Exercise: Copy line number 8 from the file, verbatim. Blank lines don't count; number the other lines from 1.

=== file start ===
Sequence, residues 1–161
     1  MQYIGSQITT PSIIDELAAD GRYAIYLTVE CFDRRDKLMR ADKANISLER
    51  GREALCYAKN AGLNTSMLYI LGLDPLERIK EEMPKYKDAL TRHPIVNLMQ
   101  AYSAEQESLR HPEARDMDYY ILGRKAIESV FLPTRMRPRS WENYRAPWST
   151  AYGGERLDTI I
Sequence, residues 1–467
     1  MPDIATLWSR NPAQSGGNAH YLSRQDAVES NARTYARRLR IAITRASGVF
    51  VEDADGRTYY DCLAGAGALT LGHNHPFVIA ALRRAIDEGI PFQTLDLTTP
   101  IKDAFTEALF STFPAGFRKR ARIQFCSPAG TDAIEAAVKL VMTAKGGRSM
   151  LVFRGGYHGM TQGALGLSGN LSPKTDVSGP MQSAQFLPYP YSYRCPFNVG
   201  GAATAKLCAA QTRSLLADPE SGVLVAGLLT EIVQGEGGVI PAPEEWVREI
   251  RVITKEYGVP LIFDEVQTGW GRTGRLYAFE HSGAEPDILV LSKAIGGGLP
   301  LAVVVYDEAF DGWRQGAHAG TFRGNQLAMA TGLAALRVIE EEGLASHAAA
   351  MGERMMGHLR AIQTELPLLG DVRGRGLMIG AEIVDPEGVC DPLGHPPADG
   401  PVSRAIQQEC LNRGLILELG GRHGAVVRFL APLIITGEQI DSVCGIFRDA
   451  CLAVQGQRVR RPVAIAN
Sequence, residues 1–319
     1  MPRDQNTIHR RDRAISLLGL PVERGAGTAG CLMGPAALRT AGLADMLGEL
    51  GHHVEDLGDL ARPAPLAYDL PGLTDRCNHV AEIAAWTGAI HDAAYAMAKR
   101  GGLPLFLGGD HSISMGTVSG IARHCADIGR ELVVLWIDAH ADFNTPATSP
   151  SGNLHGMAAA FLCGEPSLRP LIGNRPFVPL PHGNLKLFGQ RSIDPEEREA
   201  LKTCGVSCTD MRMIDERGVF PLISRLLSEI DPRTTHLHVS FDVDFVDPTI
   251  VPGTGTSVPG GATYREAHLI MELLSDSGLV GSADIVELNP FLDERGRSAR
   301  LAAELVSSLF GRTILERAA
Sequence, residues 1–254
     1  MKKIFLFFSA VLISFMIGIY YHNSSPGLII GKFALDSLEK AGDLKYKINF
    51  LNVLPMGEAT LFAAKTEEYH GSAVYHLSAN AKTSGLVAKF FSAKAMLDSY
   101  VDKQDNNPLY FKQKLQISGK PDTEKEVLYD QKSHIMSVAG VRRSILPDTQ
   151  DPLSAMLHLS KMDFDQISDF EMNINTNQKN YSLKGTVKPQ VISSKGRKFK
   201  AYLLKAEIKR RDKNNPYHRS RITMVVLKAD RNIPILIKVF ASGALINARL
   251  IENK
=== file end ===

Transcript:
    51  VEDADGRTYY DCLAGAGALT LGHNHPFVIA ALRRAIDEGI PFQTLDLTTP